PhD defence Emma Everaert: Can we use 22q11DS as a model for studying DLD?
On 26 April, Emma Everaert will defend her thesis ‘Language Impairment and Executive Functioning in Children: The 22q11.2 Deletion Syndrome as an Etiologically Homogeneous Model for Developmental Language Disorder’. She examines the question: can we use 22q11DS as a model for studying developmental language disorders?
Different speech-language problems
Children with 22q11.2 deletion syndrome (22q11DS) frequently have speech-language problems. The cause is a genetic disorder stemming from a missing piece of DNA on chromosome 22, which further leads to congenital heart defects, palate abnormalities, psychiatric problems, and difficulties with executive functions (EF), among others.
In contrast, the language problems of children with developmental language disorder (DLD) have no clear cause. As does the link between language problems and EF deficits, which children with DLD also experience.
A comparison between the groups
Because there are similarities in the problems experienced by children with 22q11DS and those with DLD, Everaert wondered: can 22q11DS be used as a model for studying the relationship between language and EF in children with DLD? With her research, she hoped to identify the causes of their language problems after all.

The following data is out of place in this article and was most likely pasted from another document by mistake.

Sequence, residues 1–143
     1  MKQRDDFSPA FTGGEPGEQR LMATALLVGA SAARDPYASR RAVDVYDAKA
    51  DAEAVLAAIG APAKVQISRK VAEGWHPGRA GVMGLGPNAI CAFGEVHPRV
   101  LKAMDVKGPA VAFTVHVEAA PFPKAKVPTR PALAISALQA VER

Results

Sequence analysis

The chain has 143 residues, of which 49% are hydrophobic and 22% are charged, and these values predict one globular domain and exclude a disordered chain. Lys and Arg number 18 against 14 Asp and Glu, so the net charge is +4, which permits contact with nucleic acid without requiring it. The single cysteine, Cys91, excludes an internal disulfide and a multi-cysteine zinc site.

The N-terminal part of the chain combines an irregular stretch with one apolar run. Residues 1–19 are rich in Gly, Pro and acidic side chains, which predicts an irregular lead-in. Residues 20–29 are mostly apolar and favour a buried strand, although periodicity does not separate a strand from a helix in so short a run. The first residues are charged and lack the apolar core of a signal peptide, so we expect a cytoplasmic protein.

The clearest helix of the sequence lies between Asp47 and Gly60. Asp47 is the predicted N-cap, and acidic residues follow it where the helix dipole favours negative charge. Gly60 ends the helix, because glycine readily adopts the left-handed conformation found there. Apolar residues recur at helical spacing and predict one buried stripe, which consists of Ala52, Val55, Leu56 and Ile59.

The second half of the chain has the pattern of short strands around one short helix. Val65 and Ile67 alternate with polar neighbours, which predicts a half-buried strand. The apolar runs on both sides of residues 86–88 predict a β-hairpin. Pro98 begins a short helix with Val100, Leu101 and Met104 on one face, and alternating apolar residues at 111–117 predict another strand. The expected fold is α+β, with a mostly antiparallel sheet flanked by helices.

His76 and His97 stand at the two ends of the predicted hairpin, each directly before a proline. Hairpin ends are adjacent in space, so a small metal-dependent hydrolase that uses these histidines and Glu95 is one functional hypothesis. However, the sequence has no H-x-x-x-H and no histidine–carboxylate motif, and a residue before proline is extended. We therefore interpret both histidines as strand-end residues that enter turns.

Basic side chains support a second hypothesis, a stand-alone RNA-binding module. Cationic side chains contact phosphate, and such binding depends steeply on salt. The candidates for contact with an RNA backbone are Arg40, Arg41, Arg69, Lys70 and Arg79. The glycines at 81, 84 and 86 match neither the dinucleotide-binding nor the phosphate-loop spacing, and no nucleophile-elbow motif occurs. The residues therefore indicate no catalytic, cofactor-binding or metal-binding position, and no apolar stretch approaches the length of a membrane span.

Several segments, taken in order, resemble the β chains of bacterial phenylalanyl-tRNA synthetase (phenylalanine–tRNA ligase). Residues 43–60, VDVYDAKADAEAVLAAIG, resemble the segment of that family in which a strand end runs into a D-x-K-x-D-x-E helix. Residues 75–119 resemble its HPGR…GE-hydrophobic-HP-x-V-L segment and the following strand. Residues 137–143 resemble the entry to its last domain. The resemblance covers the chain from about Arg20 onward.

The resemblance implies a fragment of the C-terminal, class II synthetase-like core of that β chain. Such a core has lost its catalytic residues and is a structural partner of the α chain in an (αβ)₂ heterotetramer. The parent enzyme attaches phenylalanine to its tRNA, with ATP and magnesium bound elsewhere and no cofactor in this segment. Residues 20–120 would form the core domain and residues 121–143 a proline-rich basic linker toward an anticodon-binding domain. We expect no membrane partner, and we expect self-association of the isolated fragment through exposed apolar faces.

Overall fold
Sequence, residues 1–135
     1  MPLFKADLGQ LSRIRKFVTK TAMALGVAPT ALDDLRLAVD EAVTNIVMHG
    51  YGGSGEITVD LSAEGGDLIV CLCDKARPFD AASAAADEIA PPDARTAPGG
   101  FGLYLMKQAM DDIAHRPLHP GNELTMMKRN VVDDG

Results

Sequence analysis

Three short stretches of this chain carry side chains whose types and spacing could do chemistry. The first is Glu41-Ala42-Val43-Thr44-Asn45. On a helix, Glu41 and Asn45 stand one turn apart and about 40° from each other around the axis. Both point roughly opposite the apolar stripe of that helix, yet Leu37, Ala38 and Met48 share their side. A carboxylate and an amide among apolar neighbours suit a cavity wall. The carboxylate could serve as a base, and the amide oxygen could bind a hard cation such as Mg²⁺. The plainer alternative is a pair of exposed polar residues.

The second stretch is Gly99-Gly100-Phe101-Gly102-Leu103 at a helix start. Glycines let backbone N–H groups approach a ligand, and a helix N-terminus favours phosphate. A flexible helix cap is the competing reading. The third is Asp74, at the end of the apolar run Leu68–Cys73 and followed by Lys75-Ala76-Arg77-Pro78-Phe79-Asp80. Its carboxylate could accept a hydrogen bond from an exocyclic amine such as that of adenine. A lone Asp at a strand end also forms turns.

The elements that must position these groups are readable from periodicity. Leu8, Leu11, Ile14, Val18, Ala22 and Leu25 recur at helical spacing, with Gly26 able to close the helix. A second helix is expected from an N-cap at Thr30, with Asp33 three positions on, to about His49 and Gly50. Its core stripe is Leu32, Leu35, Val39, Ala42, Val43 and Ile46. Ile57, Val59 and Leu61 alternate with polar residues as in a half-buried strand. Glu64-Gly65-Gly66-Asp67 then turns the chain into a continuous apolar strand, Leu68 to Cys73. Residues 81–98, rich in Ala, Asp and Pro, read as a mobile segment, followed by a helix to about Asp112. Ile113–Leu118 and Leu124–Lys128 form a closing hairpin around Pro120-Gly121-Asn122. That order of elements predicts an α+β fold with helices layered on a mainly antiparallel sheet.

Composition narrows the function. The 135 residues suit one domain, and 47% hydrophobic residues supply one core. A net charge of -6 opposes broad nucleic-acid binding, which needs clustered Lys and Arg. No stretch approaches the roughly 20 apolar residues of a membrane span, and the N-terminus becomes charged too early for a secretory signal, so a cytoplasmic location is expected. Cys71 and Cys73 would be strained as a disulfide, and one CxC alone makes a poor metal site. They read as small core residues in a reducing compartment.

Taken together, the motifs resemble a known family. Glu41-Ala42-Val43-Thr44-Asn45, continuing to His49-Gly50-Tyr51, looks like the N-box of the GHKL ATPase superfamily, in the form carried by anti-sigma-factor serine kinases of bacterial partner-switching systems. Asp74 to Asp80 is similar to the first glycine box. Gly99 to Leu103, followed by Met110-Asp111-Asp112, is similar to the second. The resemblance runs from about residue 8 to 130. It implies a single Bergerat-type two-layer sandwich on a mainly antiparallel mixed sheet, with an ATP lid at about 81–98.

Everaert concludes that although the groups are indeed similar regarding language profile and EF deficits, it is not possible to use 22q11DS as a model for DLD without question. Nonetheless, a comparison between the groups is clinically relevant and provides interesting opportunities for further fundamental research.
- Start date and time
- End date and time
- Hybrid: online (click here) and at the Utrecht University Hall
- PhD candidate
- E. Everaert
- Language Impairment and Executive Functioning in Children: The 22q11.2 Deletion Syndrome as an Etiologically Homogeneous Model for Developmental Language Disorder
- PhD supervisor(s)
- Professor F.N.K. Wijnen
- Professor P.A.M. Gerrits
- Dr T.D. Boerma
- Dr J.A.S. Vorstman
- Dr M.L. Houben